Oh come on I’m only joking, Jeremy. Can’t we laugh about anything these days?

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Is it time for an anti-demo march?

(Original edit of article for Taxi magazine).

So, another summer spent planning our work days around special events. In July we had the Gay Pride event, Donald Trump’s visit, and the ever-growing programme of running and cycling events that make life difficult for those of us forced to use London’s streets.

I find the Gay Pride event difficult to work around, so that was out. This year it coincided with an unlikely World Cup quarter final for England, so I was happy to have this day off (I got a normal day in on July 11th and caught the second half of the semi-final. I wish I hadn’t).

Next it was time for the visit of Team Trump. I’m not a supporter of Mr Trump, but I find him interesting and amusing, rather like Boris (What’s Donald Trump’s views on Uber, I wonder?). Initially, I was dismayed at Mayor Khan’s decision to allow the flying of a balloon depicting Donald as a baby. Trump had previously taken unfair digs at the Mayor over London’s record of terrorism and violent crime, but I felt it was Mr Khan’s duty to stay neutral. Was he showing his political colours by sanctioning the anti-Trump balloon? Would it make us look stupid? However, when I saw as picture of the balloon my standpoint shifted a bit and I could just about view the stunt as traditional British satire (should readers of my articles ever crowd-fund a satirical balloon of myself, I like to think I’d see the funny side).

I knew something was planned for Friday 13th, but there were no signs up warning of disruption. I therefore tried to work, bearing in mind that should there be problems on Saturday it would mean three expensive days off – Sunday 15th was already written off because of a running race. I just managed to avoid an evening of cycle misery in the City on Tuesday 17th by taking a Going Home job north from Goldman Sachs. Before the month was out there would be another two days of cycling to look forward to on the 28th & 29th

Anyway, on Friday 13th I managed to avoid the West End and complete two account jobs. I knew crucial roads in the West End were closed off, but I thought they’d hold their demos, and then everything would get back to normal. At lunchtime I heard that one of the two marches wasn’t even due to start until 2pm and would go on until 5pm. I drove home. The disruption went on well beyond 5pm anyway, so my decision to get out of town was vindicated.

The real disgrace here is allowing demonstrations to close a working city, particularly on a weekday. I often get caught in demos at the weekend, but the traffic is generally lighter and you have a fighting chance of navigating around closed off streets. On a weekday, gridlock brings large areas to a halt. It just shouldn’t be allowed. Don’t give me that “it’s everyone’s right to protest” nonsense. What about the rights of those who live and work in the affected areas? We all have rights.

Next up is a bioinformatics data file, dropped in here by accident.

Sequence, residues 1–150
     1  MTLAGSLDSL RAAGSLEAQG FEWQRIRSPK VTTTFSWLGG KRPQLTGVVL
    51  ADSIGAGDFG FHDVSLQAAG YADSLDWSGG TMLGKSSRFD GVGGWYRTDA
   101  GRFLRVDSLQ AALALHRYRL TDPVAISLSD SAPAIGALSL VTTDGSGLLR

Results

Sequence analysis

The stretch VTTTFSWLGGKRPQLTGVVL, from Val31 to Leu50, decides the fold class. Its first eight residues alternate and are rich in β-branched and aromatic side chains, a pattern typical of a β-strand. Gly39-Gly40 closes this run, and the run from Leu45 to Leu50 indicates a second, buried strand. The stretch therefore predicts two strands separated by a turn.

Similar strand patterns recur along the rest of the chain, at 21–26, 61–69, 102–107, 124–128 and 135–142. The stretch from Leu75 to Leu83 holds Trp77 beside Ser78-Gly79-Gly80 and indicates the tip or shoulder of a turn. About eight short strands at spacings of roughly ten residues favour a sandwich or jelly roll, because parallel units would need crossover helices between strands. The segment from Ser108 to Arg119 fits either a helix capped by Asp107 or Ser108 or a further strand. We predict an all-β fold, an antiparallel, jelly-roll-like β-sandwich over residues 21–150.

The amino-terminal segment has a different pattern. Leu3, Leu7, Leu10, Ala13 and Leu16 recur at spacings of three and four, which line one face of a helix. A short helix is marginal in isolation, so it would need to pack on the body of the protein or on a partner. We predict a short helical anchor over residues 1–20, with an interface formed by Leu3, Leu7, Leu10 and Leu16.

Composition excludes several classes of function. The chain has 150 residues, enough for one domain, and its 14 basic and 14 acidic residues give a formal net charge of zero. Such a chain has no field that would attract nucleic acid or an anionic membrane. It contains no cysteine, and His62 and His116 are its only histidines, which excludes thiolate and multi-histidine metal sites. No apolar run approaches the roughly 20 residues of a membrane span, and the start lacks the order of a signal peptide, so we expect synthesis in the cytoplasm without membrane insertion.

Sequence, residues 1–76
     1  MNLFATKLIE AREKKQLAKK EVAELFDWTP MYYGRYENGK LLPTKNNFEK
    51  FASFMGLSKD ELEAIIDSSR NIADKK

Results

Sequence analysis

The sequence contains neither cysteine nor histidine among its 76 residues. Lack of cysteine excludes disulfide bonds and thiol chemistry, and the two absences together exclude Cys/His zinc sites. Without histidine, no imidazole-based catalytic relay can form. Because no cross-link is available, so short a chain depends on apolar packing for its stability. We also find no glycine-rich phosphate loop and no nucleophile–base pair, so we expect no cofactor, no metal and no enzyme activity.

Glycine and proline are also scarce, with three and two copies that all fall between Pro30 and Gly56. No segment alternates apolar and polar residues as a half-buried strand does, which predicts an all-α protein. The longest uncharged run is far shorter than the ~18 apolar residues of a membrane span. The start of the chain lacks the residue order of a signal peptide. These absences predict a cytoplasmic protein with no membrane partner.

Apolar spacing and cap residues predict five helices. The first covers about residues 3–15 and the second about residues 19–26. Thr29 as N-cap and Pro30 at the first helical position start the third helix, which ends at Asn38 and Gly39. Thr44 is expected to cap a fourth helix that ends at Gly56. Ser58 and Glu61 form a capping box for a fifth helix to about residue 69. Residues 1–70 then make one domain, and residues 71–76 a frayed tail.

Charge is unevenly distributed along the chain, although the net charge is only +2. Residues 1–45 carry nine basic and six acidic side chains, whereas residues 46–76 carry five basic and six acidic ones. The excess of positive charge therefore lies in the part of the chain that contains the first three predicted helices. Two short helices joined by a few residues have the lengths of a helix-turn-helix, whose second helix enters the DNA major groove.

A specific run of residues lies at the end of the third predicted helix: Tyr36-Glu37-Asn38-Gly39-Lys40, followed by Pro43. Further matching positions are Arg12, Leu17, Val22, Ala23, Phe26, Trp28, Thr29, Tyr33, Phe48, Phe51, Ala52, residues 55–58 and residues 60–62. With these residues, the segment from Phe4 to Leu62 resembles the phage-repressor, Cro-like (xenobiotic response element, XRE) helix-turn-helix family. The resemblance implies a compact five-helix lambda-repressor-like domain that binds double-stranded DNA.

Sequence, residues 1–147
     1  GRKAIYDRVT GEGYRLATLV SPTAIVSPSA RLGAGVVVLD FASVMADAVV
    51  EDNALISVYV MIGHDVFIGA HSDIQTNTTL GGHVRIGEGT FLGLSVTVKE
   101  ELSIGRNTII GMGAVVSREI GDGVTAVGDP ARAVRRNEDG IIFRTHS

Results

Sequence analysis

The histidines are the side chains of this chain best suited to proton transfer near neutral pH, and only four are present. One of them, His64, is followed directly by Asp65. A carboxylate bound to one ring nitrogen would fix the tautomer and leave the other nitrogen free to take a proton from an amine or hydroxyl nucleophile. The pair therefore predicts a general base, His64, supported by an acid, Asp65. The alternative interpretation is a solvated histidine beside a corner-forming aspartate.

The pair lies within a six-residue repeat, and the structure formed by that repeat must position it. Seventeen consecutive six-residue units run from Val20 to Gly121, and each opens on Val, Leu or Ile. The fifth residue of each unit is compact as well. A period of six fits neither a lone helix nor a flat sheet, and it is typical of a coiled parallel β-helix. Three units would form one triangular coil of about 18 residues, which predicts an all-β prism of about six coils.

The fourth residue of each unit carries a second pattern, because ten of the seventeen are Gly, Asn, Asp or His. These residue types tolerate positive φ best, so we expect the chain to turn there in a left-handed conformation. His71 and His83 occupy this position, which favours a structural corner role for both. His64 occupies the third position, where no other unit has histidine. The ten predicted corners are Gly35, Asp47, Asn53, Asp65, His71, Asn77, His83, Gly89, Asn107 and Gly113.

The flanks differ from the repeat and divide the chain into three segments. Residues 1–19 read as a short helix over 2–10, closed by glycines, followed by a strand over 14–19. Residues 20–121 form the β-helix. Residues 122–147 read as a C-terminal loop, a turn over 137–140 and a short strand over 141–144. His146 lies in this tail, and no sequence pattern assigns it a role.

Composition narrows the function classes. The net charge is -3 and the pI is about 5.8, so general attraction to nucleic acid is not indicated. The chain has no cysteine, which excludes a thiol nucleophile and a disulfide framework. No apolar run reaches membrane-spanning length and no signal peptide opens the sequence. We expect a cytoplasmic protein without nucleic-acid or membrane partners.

It’ll be interesting to see if the Mayor will allow similar stunts when even more contentious world leaders make visits to London – real dictators and despots. There are far worse people than Donald Trump, yet the real tyrants only attract a fraction of outrage when they visit our shores.

Who are these people who can spare a day to protest against a president of a friendly country? Who are they trying to impress? Mr Trump wasn’t even in London at the time of the protests. I think many of these people have nothing better to do with their time than hang around in a pack with other like-minded people waving silly placards. Maybe they’re fed up with complaining to each other on social media about how terrible everything is? Maybe they self-diagnose the need to get out more? They’re preaching to the converted. They’re not teaching anybody anything, or changing people’s minds. Their messages are meaningless and confused. “Peace”, “Love”, “No to Racism”, &c., &c… OK, fine. We can all agree on that, now tell me something new? I don’t remember such Peace & Love messages when Chinese and Saudi leaders visited. At least Mr Trump’s own people can vote him out; his presidency is a matter for the American people.

Cycling and running racing events have reached saturation point. These events are run for commercial gain. The organisers get advertising and the participants enjoy themselves, but the majority are put out. The authorities seriously need to re-think demos and marches. London’s clearly not open for business on these days of action. The city can’t be closed off whenever someone doesn’t like something someone says and goes on Twitter to arrange a day of disruption – or however these events are arranged (I don’t know, I’ve never been invited to one).

Anyway, here’s my message: we’ve had enough of people blocking up our work space, so bagger orf.

If nothing is done to stop the marches, maybe it’s time for an anti-demo demo?